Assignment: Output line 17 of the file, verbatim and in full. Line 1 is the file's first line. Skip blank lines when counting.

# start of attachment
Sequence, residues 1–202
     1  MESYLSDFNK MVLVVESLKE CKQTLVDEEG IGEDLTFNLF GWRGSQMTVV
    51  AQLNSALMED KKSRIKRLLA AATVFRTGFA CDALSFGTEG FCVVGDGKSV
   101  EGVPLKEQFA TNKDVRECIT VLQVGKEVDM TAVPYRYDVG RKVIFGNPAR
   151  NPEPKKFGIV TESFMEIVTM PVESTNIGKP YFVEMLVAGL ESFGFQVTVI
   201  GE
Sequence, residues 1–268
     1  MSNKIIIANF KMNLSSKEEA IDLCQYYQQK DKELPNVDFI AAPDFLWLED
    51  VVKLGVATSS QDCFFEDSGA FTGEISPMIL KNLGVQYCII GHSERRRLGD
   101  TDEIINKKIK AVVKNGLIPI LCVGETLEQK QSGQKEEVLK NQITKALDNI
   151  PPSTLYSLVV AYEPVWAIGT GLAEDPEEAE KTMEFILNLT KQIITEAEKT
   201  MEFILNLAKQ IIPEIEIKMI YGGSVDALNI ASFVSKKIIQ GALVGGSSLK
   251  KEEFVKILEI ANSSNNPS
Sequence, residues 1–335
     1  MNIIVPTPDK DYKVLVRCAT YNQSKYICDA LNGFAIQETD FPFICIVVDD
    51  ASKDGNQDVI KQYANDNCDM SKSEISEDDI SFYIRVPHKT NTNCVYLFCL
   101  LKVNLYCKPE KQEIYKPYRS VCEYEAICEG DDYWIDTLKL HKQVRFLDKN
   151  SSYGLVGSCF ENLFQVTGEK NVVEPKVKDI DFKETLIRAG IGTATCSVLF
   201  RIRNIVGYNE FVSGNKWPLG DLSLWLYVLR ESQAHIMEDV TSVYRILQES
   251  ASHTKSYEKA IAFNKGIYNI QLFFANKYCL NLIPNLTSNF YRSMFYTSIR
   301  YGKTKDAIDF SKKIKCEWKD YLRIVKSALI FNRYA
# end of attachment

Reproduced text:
   101  LKVNLYCKPE KQEIYKPYRS VCEYEAICEG DDYWIDTLKL HKQVRFLDKN